In addition, we should affirm that criticizing Israel, indeed even criticizing Israel's treatment of Palestinians and viewing the end to the occupation as an important goal, can be part of a legitimate conversation. But that does not justify making libelous, anti-Semitic statements, statements which need to be repudiated in no uncertain terms.
So my approach involves continued commitment to advocating for racial, ethnic, gender-related justice while vociferously defending Jews and Israel against the kinds of attacks that are hardly just or deserved, as distinct from legitimate criticism of Israel. In practical terms, the third path involves disassociating from Black Lives Matter while strengthening alternative avenues to pursue justice.
In staking out my position, I spoke with many colleagues; some agreed with me, others did not. A young rabbi I respect very much challenged me. She argued that "Jews involved with BLM need support from the organized Jewish community, so the movement will have a stronger analysis of and commitment to fight anti-Semitism. Any serious racial justice activist does not have the option of walking away from the most important civil rights movement in decades. That would be easier than what we have to do. And the last thing we need is for our rabbis and teachers to tell us we are wrong." I thought hard about this response. While Alana did not persuade me to change my mind, she challenged me.
In the end, I am more persuaded by the statement issued by The Jewish Community Relations Council of Boston which affirmed its commitment to finding a different partner to fight racial injustices in this country. In a recent statement, JCRB wrote, "As we dissociate ourselves from the Black Lives Matter platform and those BLM organizations that embrace it, we recommit ourselves unequivocally to the pursuit of justice for all Americans, and to working together with our friends and neighbors in the African-American community, whose experience of the criminal justice system is, far too often, determined by race."
I was especially drawn to a statement written by Rabbi Shai Held of Machon Hadar, who has been a huge advocate for racial equality and who was extremely upset by the anti-Israel sentiment in the Black Lives Matter Platform. In his statement, Rabbi Held affirms the obligation "to speak up when Jews are unfairly maligned" and declares that the Black Lives Matter statement about Israel and genocide is "frankly embarrassing and appalling." At the same time, he affirms that black lives do matter, writing, "There is a long and disgraceful history in this country of devaluing and degrading black lives. The obscenity of the charges against Israel does not change this ugly fact one whit, and all Americans are implicated in the struggle for a just and fair America. So find an organization you feel you can work with and work with them."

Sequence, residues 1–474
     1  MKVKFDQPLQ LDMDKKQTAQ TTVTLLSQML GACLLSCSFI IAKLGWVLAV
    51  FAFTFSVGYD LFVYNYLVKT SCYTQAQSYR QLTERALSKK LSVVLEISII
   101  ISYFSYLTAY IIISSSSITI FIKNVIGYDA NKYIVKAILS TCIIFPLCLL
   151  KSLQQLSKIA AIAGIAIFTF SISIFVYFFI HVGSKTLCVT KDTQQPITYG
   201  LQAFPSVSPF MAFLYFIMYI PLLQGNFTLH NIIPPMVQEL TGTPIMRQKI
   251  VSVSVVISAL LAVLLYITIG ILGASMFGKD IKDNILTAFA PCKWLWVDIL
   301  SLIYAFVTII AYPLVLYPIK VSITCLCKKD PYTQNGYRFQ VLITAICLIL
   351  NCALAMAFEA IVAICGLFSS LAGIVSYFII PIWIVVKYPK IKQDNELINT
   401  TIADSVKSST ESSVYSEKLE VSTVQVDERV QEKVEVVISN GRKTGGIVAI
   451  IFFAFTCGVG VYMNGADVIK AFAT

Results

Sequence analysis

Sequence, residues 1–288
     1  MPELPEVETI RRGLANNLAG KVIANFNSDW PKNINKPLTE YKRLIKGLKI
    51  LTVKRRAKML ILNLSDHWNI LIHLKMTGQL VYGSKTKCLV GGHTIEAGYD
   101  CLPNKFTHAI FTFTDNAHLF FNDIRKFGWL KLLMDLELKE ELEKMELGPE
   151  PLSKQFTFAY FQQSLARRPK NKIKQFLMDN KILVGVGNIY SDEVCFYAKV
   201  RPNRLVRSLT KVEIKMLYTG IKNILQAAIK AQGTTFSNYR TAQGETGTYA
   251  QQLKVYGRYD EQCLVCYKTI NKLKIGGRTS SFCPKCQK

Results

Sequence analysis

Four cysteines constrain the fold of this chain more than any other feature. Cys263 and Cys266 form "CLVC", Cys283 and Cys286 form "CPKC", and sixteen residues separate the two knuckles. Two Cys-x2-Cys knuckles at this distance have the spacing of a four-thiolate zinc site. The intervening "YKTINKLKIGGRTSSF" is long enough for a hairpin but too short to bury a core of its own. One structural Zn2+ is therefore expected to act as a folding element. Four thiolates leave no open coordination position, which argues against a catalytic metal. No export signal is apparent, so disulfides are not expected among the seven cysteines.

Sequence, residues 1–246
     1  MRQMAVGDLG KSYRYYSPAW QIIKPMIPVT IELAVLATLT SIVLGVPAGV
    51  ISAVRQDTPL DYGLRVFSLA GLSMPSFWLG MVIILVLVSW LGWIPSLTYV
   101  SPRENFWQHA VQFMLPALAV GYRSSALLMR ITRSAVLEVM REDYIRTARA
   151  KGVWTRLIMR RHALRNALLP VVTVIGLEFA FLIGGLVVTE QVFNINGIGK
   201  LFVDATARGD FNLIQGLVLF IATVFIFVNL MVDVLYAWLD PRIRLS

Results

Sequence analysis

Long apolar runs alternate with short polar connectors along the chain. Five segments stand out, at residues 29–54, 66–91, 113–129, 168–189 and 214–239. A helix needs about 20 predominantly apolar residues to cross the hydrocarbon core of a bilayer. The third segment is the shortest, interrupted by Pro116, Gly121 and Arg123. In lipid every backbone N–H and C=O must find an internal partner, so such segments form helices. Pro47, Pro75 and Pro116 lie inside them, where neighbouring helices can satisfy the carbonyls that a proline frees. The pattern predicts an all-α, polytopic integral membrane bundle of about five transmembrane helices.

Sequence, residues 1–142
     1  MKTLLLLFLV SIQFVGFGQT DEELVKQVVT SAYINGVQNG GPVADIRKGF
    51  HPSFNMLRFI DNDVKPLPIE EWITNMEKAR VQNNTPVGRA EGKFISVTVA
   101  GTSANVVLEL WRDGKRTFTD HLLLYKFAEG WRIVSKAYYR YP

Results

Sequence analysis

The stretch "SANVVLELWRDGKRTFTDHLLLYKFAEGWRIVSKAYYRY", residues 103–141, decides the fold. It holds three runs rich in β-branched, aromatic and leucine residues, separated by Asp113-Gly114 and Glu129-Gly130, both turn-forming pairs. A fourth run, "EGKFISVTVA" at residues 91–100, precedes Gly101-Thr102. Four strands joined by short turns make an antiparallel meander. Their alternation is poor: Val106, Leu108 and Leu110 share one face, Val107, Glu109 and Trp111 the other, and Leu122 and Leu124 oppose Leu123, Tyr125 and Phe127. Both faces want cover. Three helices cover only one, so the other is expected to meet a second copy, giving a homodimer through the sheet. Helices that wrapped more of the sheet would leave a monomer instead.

So much of the Book of Deuteronomy, which we are currently reading in our synagogues, offers an extended blueprint for creating a society that is self-protective but also responsive to others. Our ancestors understood that our protection of ourselves and our commitment to others are equally important and can be mutually reinforcing.
The great sage Hillel encapsulated this in a way that has been widely quoted, and I'll conclude by invoking it and adding some relevant commentary:
If I am not for myself, who will be for me? We should never apologize for protecting ourselves and our interests. Anti-Semitism is no less egregious than any other form of bigotry and hatred.
If I am only for myself, who am I? We should continue to open our hearts and hands to others who suffer injustice. If we need to find different partners, long or short-term, so be it. The mandate of "justice for all" cannot be abandoned.
If not now, when? Before the next injustice occurs -- to anyone.
Rabbi Amy Wallk Katz, PhD